forest bathing
The practice of immersing yourself in nature is scientifically prove to help lower stress. (Image via Chatelaine)

You Need to Try Forest Bathing, Which Is Exactly What You Think It Is

Research has found that the practice has empirical, quantitative health benefits.

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forest bathing

Research has found that the practice has empirical, quantitative health benefits.

Can you remember the last time you took a nature walk without your phone or camera? If you’re like most of the Western world, the answer is probably not. Studies have found that Americans spend a whopping 93 percent of their time indoors or in a vehicle — and not without health problems to show for it.

Forest bathing, also known as Shinrin-yoku in Japanese, allows participants to reap numerous physical and mental benefits, such as a boosted immune system, better sleep and less stress. With between 40 and 60 percent of college students suffering from anxiety, forest bathing could be a helpful stress buster.

Unlike a hike or a standard nature walk, participants don’t worry about pace, distance or specific goals. Instead, forest bathing consists of roaming around, engaging the senses and restoratively connecting with nature.

Brief History

The term forest bathing was coined in 1982 by the Japanese Ministry of Agriculture. Proponents believed forest bathing to be a useful tool in the toolbox of healthcare. Now, there are 44 approved forest bathing locations in Japan.

Intrinsically, most people know being outside is good for their health, but the myriad benefits of doing so are still relatively unknown. Luckily, this is starting to change in the United States, where forest bathing is a rising trend, much like yoga was 30 years ago.

In 2012, M. Amos Clifford (whose recent book focuses on the meditative aspects of forest bathing) founded the Association of Nature & Forest Therapy, an organization that certifies forest therapy guides. Clifford hopes nature therapy will eventually be reimbursed by healthcare professionals.

The Scientific Benefits

The act of wandering through foliage is enough to ease tension; in fact, scientific studies have highlighted the numerous medical benefits of forest bathing. Most Americans are frequently bombarded with toxins, whether they live in cities or not. Indoor pollutants include, but are not limited to, mold, smoke and cleaning chemicals. For starters, it’s recommended to keep house plants to purify the air.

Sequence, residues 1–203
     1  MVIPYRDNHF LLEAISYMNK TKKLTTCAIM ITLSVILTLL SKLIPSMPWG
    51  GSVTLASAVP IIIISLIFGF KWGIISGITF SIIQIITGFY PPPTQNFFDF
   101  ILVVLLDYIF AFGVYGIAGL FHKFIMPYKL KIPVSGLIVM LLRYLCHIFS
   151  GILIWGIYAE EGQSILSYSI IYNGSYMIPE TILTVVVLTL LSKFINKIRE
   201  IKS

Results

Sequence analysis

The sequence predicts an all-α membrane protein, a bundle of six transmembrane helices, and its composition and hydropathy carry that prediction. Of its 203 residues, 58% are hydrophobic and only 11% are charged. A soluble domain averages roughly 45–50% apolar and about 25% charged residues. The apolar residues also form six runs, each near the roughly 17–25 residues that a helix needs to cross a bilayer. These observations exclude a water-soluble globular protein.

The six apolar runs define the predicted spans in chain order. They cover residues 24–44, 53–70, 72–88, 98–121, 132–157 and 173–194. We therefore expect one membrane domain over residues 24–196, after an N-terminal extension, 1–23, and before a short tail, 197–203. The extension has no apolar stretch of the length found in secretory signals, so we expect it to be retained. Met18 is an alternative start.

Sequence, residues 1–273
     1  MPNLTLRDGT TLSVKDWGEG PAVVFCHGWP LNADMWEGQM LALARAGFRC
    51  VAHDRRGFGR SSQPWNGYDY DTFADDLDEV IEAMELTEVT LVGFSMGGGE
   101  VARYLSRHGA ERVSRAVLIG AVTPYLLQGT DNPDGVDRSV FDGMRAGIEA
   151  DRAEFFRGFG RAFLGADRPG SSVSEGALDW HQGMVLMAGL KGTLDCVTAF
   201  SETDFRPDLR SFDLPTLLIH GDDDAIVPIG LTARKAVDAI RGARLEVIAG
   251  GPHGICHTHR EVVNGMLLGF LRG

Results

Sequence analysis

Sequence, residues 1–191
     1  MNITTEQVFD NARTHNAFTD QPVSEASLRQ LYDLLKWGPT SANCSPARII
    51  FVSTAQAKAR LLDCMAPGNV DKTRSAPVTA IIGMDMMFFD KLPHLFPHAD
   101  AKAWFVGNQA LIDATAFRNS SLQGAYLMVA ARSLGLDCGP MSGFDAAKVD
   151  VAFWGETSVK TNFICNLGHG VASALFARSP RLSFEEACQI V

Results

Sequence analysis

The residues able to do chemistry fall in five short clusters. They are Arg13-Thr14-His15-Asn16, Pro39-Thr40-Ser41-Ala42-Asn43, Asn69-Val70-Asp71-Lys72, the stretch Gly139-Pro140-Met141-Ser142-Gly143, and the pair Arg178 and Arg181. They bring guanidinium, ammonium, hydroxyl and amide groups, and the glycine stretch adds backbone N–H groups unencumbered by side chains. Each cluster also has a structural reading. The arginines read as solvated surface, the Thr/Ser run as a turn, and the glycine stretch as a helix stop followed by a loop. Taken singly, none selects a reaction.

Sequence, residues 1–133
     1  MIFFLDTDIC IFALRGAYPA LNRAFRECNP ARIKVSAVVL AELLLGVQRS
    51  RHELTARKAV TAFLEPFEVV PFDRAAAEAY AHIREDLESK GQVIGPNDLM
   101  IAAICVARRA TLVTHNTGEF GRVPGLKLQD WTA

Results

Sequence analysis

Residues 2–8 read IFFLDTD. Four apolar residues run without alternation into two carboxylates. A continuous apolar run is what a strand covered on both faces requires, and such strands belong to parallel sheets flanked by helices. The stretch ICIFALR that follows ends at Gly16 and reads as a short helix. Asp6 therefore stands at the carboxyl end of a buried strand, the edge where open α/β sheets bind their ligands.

Trees and other vegetation secrete antimicrobial organic compounds called phytonicides — also known as the aroma of the forest — in order to ward off insects and other pests. These chemicals, combined with the overall serenity of forest bathing, have been shown to lower cortisol (the stress hormone) and blood pressure, as well as boost the immune system and improve mental health and memory. Forest bathing has even been shown to boost creativity.

Evergreens release a chemical that particularly improves the immune system. In the 1800s, German doctors set up sanatoriums in pine forests to treat tuberculosis patients. The location appeared to yield better results, prompting some physicians to believe the trees were releasing a healing balm. So next time you’re picking out a Christmas tree, take your time and breathe deeply.

How to Get Started

If you don’t readily have access to a forest, don’t despair. Public parks and backyards make terrific places to connect with flora.

In order to successfully indulge in nature therapy, you must employ your five senses. An example would be meandering around, touching the rough bark of a tree or lightly stroking a velvety flower petal while inhaling the scent of rain. Or, perhaps tuning in to the sweet chirp of a cardinal. Some people will even go so far as to taste flower petals.

forest bathing
Forest bathing makes participants fully tune into nature with all their senses and appreciate their surroundings. (Image via Holistic Kenko)

An important facet of forest bathing is reciprocity, explains Clifford in a blog post. You can mindfully thank the tree you touch for providing you with shade and beneficial compounds, and in return provide the tree with a song or gesture. This may be too far out there for certain forest bathers, but the point is that it’s important to think of nature as more than just a resource to be utilized for the sake of human wellness.

Some people may find it restorative to read nature poetry, either silently or out loud. I recommend American poet Mary Oliver — in particular, her poem “Sleeping in the Forest.”

Forest bathing can be done individually or with a certified local forest therapy guide, who can usually host public or private sessions. After perusing the Association of Nature and Forest Therapy website, I found out my local forest therapy guide leads participants through the woods, prompting them to engage their senses while allowing time for individual reflection as well — he also provides warm tea at the destination. And yes, I’m absolutely going to sign up for the autumnal stroll occurring in a couple of months.

Whether you’re a stressed out college student who needs a break from last minute studying for finals (and crying) or anyone else, there’s no reason not to bathe in some forests. Just put the smartphone down, take a deep breath and step outside.

As prominent naturalist John Muir said, “In every walk with nature, one receives far more than he seeks.”

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Erika Skorstad

Champlain College
Professional Writing

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